Photo Credit,

Something I learned from Chef’s Table

The journey is paramount.

No one would care about these chefs half as much if their exquisite food wasn’t partnered with struggle, heartache, triumph, destruction and ultimately, the exhalation of passionate enjoyment.

The beauty of this series is undeniable. If you even halfway love food, which I think most human beings should, then you can’t help but appreciate the mastery of this creation. The filming does the culinary art justice in every way, and despite the lack of Smellevision, I can almost taste the delicate and explosive flavors. Brine, salty fishes, fatty meats, creamy globs of magical milk, all arranged in perfect juxtaposition. You really can’t help but end every episode, and look at your couch-mate and say, “Ok, we have to go there.”

Photo Credit: Christian Seel

But to leave it there, just saying, “It’s beautifully filmed, the chefs are amazing and the food looks wonderful,” would be a cheapening statement. I have seen great footage, I have eaten some of the world’s best food, and yet what makes these episodes so connecting are the stories that drive them. Complete with the uncomfortable stuff.

I have heard critiques about these shows, that the kitchen scenes aren’t very accurate, and that the view has been highly polished, taking the realism of the kitchen back to the side room and locking the door. That may be the case to a degree. But what can’t be denied is that these people all have a story, and it wasn’t the perfectly easy one.

I will qualify all of this by saying that I don’t think anyone is ever Self-Made. Every single story has some other key player or guide in it. They may have a brief role, but they are critical to the narrative. Picture a few of these chefs. At a bare minimum, Francis Mallmann, Alex Atala and Enrique Olvera were all given a hard message in a straightforward way by someone outside their sphere. The common theme of that message was:

“You are doing a poor job as a copy-cat, even though you have worked insanely hard to be a great chef. It will never cut it, you need to figure yourself out and do what YOU do.”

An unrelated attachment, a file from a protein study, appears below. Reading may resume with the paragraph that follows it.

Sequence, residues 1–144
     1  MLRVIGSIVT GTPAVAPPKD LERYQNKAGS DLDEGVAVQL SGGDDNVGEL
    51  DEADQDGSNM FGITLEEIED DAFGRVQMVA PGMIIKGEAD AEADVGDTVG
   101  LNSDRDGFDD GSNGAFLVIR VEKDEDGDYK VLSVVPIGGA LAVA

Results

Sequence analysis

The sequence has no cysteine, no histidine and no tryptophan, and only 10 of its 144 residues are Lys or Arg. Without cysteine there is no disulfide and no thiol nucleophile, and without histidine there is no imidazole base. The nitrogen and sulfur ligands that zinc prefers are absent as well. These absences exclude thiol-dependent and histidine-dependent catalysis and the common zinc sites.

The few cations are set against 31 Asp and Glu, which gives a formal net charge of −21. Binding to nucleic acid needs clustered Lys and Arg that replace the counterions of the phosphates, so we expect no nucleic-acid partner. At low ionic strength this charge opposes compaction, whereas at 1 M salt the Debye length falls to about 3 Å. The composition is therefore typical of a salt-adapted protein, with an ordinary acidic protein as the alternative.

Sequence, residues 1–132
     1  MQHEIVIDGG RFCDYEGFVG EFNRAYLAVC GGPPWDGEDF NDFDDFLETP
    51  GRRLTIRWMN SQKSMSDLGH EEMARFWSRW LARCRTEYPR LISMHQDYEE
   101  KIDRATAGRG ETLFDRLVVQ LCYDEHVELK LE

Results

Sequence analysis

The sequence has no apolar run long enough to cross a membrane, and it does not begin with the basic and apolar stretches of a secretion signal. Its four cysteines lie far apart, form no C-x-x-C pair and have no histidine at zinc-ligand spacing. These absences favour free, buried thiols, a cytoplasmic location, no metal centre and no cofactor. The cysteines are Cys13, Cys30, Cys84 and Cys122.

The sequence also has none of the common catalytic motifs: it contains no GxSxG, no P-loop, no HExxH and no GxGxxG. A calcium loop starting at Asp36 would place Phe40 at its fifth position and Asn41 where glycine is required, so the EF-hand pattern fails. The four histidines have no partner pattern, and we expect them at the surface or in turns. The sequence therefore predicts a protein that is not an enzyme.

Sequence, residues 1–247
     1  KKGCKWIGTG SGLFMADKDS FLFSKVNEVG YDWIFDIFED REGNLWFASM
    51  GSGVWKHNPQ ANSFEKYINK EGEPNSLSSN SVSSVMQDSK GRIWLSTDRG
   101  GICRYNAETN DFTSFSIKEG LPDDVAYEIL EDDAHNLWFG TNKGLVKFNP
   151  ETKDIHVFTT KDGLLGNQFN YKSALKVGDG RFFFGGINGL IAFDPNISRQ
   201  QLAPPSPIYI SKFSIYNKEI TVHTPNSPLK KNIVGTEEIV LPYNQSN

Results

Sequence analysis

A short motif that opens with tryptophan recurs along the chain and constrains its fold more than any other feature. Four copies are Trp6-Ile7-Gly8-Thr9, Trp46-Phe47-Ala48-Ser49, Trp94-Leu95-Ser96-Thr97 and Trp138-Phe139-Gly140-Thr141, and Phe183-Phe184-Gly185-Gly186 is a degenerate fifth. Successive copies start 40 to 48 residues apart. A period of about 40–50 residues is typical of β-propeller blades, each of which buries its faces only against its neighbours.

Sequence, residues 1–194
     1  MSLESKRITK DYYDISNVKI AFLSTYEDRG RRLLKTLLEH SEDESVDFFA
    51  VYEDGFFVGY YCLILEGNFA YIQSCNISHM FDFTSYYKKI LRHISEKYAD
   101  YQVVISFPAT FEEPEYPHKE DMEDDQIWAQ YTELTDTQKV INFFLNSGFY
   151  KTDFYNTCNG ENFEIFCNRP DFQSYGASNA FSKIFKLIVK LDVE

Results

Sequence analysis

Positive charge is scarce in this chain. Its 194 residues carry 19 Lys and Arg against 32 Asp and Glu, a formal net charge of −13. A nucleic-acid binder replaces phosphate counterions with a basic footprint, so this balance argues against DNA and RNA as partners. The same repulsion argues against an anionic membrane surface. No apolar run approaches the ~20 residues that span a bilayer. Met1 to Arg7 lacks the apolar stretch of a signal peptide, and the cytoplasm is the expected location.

If someone was that blunt with me, I might punch them, or cry, I don’t know. Most of us would retaliate. And maybe they did. Maybe this part got polished out of their stories.

It doesn’t matter.

All great stories usually have a hardship to them. A problem or moment that is just plain insurmountable. The details may not be exact to these people, but they are exact to all people in that our journeys, if they are interesting or good or beautiful, MUST have some grave moment. That place where we just have to release our brain-child and let it leave us. That’s the human part of us all.

And yet we proceed in life as if our great story is supposed to be easy.

I have never been able to hide my boredom in a conversation, and nothing draws a yawn from my breath faster than someone telling me about how great their life is, and how everything keeps falling into place. When people gloss over the struggle and focus only on their successes and wins, its like inviting someone into an all-white room. It’s cool for a minute, but there’s no texture or realness to it, so why stay there?

Conversely, there are whiners. People who go on and on about their life’s struggles and how they have been victimized at every turn. There is a moment for honesty, but some people gain way too much pleasure from spilling their dirt on others. Same problem, it’s a one-sided story.


Great images, great stories, great dishes, they all have texture. Contrast created by light and dark, color, hue and tone. The flavors from these restaurants are wrought in complexity, the perfect balance of different elements, all uniquely stacked and blended to create beauty visually and on the palate.

These creations are reflections, I think, of the quality of stories these people have lived. That’s why it’s interesting. That’s why we watch and yearn.

But are we willing to have our own stories be good ones? Drama’s, tragedies and comedies that stay glued to the mind of the next generation? Can we risk ourselves just enough now, to begin an adventure, the very nature of which is unexpected and unpredictable?

There will be hard moments.

People will say hard things.

You will become less.

But all this is what makes our personal soil rich for growth. The twists in a tree are what make for more beautiful wood. Look at the world around you, and look at the most beautiful things. Aren’t they the most wild and uncontrolled? Mountains, Oceans, Fields, Forests?

Do you HAVE to eat at one of these restaurants?

Yes it would be incredible and “worth it” in so many ways, but the real gift of all this are the narratives. Those you can chew on for years, maybe even a lifetime. Stories have unending flavor and never tend to reveal themselves fully. They are mysterious and powerful, essential to us like food. That’s the real gift from these people. A willingness to share their stories in depth with all of us. The recipe is just to Get Doing.

For a life well lived is beautiful, it aches and yearns and passes through those around us, unfettered by the physical world. We cannot ever measure the truths we experience or share. But to those for whom it brings joy, it is seen in all it’s shades and colors. It’s not something we plan. It’s something we accept with open arms and just walk and live and say, “Thank you!”
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